The best way to show you what you can accomplish at the Aspen Live Conference in December (11-14) is to share the note below I received over the weekend from Felice Mancini, CEO of The Mr. Holland’s Opus Foundation.

Hi Jim – thought you’d like to know that as a result of meeting the StubHub folks in Aspen in Dec., this was a result after some follow-up and starting a relationship. In addition to the concert proceeds, we also got a $250K grant from StubHub Foundation. I hope all is well. Thank you Felice!!!

Added to above, we are excited to announce our first program slotted for December, a very special Q&A with the Co-founder of Q Prime Management (Metallica, Chili Peppers, Black Keys, Muse, Cage the Elephant, Eric Church, Silversun Pickups, etc.) the one-and-only Peter Mensch. Have you ever even seen Peter at a conference before? Now you can be face-to-face in the intimate surroundings of Aspen (special thanks to Marc Reiter)

Today (Sunday, May 4), is your last chance to save $100 on registration for Aspen Live, 2014. Go to and save both on your registration and hotel room. If you’ve never attended, reach-out to a few friends who have. They will tell you what I’m telling you now; register your business will thank you for it.

As always, thanks to those that make Aspen Live possible, Bill Young Productions, Goldstar Events, StubHub, TicketFly, the Voice Media Group, and you!


April 7, 2014

Do you use Average Ticket Price to measure success on your shows?  If yes, please stop, it is a façade.

I (probably like you) have always used average ticket price as a measuring tool.  It is what we learned and it makes sense.  That is until Jim McCarthy, CEO of Goldstar Events did some simple math on a whiteboard and the light bulb went off.  We (concerts, sports, theatre, family, etc.) should be looking at Revenue Per Seat, not Average Ticket Price.

Lets say you and I were playing a show at your local arena and tickets were $500.  We sold 4-tickets to our family members but the rest of the 15,000 capacity room goes unsold.  What’s our average ticket price?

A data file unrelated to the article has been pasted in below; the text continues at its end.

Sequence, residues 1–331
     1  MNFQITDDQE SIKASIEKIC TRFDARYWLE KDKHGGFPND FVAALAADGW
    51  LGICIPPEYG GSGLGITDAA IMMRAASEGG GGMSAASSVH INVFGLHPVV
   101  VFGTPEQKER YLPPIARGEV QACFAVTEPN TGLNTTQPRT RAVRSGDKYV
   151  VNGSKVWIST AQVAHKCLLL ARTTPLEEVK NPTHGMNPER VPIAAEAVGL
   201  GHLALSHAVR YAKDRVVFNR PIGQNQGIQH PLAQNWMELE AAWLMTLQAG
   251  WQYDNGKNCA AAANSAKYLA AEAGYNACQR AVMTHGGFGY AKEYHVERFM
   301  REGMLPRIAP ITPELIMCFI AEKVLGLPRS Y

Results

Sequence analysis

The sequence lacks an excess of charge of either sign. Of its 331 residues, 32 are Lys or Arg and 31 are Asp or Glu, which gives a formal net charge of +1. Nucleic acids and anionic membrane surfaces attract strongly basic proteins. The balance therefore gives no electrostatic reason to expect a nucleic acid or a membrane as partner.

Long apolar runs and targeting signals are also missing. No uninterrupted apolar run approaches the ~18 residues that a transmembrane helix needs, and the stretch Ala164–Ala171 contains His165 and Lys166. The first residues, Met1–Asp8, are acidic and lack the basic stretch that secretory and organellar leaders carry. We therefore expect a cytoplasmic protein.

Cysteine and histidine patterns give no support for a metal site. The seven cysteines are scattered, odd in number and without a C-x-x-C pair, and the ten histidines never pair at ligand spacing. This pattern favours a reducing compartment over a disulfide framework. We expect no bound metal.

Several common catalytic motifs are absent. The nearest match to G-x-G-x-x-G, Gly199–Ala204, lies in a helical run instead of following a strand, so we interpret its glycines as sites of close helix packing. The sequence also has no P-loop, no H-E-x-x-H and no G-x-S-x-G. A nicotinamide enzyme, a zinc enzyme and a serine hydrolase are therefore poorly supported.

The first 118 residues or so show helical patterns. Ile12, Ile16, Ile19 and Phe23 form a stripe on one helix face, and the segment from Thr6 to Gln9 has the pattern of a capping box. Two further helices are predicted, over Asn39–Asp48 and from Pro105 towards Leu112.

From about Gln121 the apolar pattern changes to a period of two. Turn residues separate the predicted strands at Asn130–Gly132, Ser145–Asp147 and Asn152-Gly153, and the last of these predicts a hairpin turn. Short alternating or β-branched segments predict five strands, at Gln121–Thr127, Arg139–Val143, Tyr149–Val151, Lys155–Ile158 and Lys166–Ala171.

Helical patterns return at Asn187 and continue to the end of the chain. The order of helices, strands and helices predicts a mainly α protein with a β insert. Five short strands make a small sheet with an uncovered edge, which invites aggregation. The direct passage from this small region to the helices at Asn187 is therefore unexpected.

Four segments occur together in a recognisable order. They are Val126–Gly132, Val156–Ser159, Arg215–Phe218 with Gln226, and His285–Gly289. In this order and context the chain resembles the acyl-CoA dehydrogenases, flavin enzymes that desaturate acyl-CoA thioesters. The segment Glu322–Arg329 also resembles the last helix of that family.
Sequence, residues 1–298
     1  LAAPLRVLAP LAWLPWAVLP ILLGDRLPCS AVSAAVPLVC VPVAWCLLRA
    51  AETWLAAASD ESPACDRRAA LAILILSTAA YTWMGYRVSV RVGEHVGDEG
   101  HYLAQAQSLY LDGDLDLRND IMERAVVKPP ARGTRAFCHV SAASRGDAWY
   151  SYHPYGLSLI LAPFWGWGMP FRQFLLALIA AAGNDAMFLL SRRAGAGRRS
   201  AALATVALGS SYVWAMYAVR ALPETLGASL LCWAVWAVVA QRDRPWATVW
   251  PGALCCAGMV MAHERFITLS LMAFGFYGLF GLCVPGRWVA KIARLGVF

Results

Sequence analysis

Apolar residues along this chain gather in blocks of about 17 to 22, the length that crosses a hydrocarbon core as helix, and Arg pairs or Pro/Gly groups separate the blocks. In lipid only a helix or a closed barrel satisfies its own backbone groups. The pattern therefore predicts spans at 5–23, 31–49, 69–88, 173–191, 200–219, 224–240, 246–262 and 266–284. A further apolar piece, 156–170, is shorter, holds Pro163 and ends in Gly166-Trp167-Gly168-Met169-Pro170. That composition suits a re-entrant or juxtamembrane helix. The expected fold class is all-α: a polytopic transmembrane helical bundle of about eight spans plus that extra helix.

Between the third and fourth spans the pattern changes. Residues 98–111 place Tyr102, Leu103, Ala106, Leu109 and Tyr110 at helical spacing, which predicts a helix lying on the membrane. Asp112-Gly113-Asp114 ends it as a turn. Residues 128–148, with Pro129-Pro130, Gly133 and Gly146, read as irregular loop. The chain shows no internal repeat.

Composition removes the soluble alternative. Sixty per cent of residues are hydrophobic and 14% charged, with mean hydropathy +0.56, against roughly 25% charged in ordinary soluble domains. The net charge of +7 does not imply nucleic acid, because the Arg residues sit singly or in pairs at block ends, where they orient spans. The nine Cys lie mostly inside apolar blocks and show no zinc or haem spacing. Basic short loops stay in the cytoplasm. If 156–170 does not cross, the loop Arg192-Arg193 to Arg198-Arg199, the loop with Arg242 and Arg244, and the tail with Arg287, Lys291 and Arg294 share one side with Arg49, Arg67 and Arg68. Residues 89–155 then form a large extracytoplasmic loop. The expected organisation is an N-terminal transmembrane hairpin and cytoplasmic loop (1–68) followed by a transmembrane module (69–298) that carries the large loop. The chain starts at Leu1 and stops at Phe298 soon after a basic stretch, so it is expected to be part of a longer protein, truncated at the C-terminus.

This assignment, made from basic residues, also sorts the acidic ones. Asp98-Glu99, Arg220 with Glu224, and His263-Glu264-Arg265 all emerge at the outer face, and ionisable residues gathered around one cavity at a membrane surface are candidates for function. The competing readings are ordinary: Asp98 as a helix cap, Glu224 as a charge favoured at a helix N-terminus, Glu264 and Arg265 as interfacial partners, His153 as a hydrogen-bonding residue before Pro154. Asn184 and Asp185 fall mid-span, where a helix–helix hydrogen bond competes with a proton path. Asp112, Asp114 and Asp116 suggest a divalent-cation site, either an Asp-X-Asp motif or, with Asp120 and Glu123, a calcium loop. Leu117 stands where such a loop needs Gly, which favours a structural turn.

Average ticket price is calculated by taking your show gross and dividing by the number of seats you sold…so your average ticket price in the above scenario is $500 even though the promoter will be eating Cup of Noodles for a while.  Average Ticket Price = gross / number of seats sold.

Revenue Per Seat = gross / total number of seats.  This formula gives you much more accurate data as you are counting unsold tickets as selling for $0.  Average ticket price doesn’t really tell you anything…especially standing on its own.

In music and live entertainment, we talk about moving to a dynamic pricing model similar to the travel industry.  Well, airlines measure Revenue Per Seat while hotels and cruises, Revenue Per Room.  The average doesn’t tell them how full their properties are, just how much they are getting per sale.  It is a number that doesn’t really mean anything.

As the Blues Brothers once said, “we are on a mission from god”.  Our mission is to use revenue per seat versus average ticket price.  Please remember, although we are used to looking at the gross and average ticket, it doesn’t tell you what you need to know.  It doesn’t tell you anything.

Please share this mission with everyone!